A Polish company develops novel drugs to fight blood cancer and solid tumours with targeted therapies

Acute myeloid leukaemia is a severe form of blood cancer. Known as AML, it is relatively rare, with about 20 000 new cases per year in Europe and an equal number in the United States. Yet it is highly aggressive, and for adult patients it has the lowest survival rate of all blood cancers. Available treatments have significant side effects and typically only help for a while. So far, there’s no cure except for allogenic stem cell transplants, which are associated with significant toxicities.

Novel drugs developed by Ryvu Therapeutics, a Polish biotechnology company, could give new hope to patients suffering from AML and other life-threatening cancers. Ryvu is developing drugs that use natural cell processes to stop cancer cells growing. Some of their drug candidates aim to help the immune system identify and kill cancer cells, while others exploit the vulnerabilities of cancer cells to destroy them.

“Our body is a very powerful tool,” says Krzysztof Brzozka, Ryvu’s chief scientific officer. “We have all had cancerous cells in our body, but we barely even noticed them because our immune system eliminated those tumour cells. On rare occasions though, the misbehaving cells are so aggressive or immune-suppressive that we see the tumours, and we see them spread as cancer disease.”

Small molecules with big potential

Humanity has made huge progress in fighting cancer. The scientific and medical battle started centuries ago with the first radiotherapies and chemotherapies. These therapies kill cancer cells, but also healthy cells. “Now we learnt that there are natural internal pathways that can be exploited to destroy the abnormal, cancerous cells,” explains Cristina Niculescu, a senior life science specialist in the European Investment Bank team working on a loan of the EU bank to Ryvu. “We can specifically target the cancer cells without touching the healthy cells.”

The European Investment Bank is providing Ryvu with a €22 million venture  debt financing to support the company’s research and clinical trials.

One way to target the cells without harming the healthy cells is through small molecules – compounds that bind to specific proteins in a cell and switch them on or off to produce a desired antitumoral result.

Ryvu has built the capacity to quickly identify and optimise molecules with different mechanisms of actions tailored to different cancer types and treatment approaches. It currently has two drug candidates in clinical trials: SEL24 and RVU120, both kinase inhibitors that block cell processes driving cancer growth.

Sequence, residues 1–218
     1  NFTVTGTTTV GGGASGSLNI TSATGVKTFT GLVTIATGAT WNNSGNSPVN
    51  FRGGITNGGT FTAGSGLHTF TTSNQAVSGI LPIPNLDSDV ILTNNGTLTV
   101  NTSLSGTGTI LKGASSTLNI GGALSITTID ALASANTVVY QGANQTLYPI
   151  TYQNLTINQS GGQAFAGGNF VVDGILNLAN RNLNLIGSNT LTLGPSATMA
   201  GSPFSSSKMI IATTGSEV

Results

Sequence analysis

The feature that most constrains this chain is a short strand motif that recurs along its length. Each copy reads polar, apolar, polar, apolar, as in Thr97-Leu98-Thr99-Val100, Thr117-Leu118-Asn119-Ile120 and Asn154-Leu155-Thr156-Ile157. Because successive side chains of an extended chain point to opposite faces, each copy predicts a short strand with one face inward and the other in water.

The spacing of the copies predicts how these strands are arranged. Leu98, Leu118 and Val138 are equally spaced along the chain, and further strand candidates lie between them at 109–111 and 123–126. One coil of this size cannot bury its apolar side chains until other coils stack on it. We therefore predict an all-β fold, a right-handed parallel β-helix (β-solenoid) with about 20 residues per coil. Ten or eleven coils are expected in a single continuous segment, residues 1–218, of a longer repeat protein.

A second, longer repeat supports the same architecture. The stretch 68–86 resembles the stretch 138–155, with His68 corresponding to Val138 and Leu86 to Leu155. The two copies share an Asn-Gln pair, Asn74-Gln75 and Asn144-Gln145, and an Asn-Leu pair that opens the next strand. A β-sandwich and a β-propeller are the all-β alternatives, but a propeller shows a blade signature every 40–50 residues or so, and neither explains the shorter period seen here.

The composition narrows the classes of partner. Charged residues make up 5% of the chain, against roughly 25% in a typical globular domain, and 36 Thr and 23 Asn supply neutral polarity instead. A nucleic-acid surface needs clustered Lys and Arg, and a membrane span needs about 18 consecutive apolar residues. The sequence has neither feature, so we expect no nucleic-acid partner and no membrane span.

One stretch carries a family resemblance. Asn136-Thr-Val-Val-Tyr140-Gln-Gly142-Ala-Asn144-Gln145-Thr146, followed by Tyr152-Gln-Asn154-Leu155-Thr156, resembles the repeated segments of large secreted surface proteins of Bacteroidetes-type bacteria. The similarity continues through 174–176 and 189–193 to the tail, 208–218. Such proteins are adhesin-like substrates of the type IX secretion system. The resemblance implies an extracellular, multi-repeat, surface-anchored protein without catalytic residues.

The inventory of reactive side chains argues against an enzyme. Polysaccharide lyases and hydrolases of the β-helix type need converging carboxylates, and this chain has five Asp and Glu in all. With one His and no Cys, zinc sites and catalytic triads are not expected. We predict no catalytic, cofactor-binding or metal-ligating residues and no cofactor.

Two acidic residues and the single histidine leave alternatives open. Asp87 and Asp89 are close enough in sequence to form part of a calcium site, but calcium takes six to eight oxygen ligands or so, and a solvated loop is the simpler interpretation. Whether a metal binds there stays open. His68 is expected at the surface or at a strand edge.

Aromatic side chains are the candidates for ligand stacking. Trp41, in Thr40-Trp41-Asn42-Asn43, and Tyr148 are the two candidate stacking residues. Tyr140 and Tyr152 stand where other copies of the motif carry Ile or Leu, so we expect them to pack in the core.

Both drug candidates are being tested for the treatment of blood cancer. RVU120 is also being tested against solid tumours, such as breast or prostate cancer.  These drug candidates come as capsules and can be taken at home – a big advantage for patients typically burdened with frequent hospital visits, blood cell transfusions, recurrent infections, pain and fatigue.

>@Ryvu Therapeutics
© Ryvu Therapeutics

Targeted cancer therapies for oncology challenges

One of the challenges in the development of new oncology therapeutics is the limited number of protein targets known to be addressable with small molecules. So Ryvu is exploring two other cancer treatment pathways:

  • Synthetic lethality exploits vulnerabilities of cancer cells. In some cases, these cells lose some function because of a mutated gene. This makes them dependent on other genes. And if you switch off these genes with targeted drugs, the cancer cells die
  • Immune-oncology reactivates immune cells through the use of selective small molecules, enabling them to kill cancer cells again

Scientists are still learning how to use our body to fight disease. “The more we understand cancer and our immune responses to it, the better and the safer the treatments will be,” Brzozka explains.

Ryvu, which was founded in 2007, now employs 150 people, mostly highly skilled scientists at its headquarters in Kraków. Brzozka’s dream is to build, in Kraków, something like Boston’s Kendall Square, where leading biotech firms rub shoulders with big pharmaceutical companies and top universities, creating a vibrant environment for innovation.

“Apart from believing in this company’s scientific and technological capabilities,” says Anna Stodolkiewicz, an investment officer at the European Investment Bank who worked on the Ryvu loan, “the project is based in a cohesion region, where we can also help foster a lively biotech ecosystem.”

>@Ryvu Therapeutics
© Ryvu Therapeutics

EU funds for cutting-edge research in Poland

The European Investment Bank’s venture debt financing is backed by the European Fund for Strategic Investments (EFSI). “We were impressed by their pipeline data so far,” says Niculescu. “Their strategy seems very promising.”

Yet, biotech projects are relatively high-risk due to the uncertainty of clinical trial results. “Without the EFSI guarantee, we would not be able to finance this project,” Stodolkiewicz says. Market conditions for equity type financing are also tough right now. “There is high inflation, a volatile złoty exchange rate and a war at the border,” she adds. “Many private investors are more cautious about engaging in innovative but risky investments.”

Since 2015, the EIB has invested around €1 billion in research projects to treat cancer, which kills ten million people worldwide each year. “A lot of projects may fail, and we may lose money which could have been used to build a new highway,” Niculescu says. “But if one of them makes it, it will change the lives of millions of people.”